The device described in the Andreas patent utilizes a mobile computer controlled scanning system utilizing a light emitting diode and a rotating mirror to provide a radially directed rotating beam for illuminating objects along the path of travel. The computer controlled system collects the reflected light beam and ultimately generates binary data representative of the radial distances on a number of points along a preselected portion of each 360° sweep of the beam. The data for each sweep is compared by the mobile computer with the data obtained from successive sweeps. Normally, only the data representing the smallest distance along any radial line is stored by the remote computer and periodically placed on a suitable output medium for further processing by a centrally located computer.
While these systems provide a way to determine clearance or maximum cargo envelopes about a path of travel, the photographic system requires each photograph to be individually viewed and the clearance envelope information provided by each photograph to be tabulated. Furthermore, obstacles located between the photographed areas will not be detected. These undetected obstacles can cause damage to a railroad cargo.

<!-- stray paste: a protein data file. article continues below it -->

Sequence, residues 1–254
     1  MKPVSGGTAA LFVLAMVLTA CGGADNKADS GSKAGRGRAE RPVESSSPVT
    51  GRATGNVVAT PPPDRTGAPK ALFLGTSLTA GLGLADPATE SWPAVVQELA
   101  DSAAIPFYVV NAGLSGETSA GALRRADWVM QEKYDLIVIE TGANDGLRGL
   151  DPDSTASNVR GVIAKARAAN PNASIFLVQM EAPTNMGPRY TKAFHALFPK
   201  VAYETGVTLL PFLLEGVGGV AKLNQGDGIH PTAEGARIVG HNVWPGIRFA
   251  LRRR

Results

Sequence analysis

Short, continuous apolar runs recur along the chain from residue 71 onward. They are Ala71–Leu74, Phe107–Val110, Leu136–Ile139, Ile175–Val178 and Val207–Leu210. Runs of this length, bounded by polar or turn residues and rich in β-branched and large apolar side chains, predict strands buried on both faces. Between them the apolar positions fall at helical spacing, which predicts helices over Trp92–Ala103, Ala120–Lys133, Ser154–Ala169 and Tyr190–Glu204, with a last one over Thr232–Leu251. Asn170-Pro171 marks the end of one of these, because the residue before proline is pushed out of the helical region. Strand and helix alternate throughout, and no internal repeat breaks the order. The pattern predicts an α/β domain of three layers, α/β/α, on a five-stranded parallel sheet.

The computer controlled system provides a more convenient way of collecting and tabulating the results of the radial distance measurements; however, the system is relatively complex and requires the use of a mobile computer to control the system and to process the data. Such mobile computers are relatively expensive and are subject to damage by the shock and vibrations often encountered on a railroad vehicle. Furthermore, the computer controlled system only stores and outputs selected data, such as periodically determined minimum radial distance data, thereby limiting the flexibility of the system and precluding subsequent error checking of the data by comparing the results of successive scans.
An object of the present invention is to provide a new and improved envelope measuring system.
Another object of the present invention is to provide a new and improved system for automatically measuring a clearance or maximum cargo envelope along a path of travel, such as a section of railroad tracks.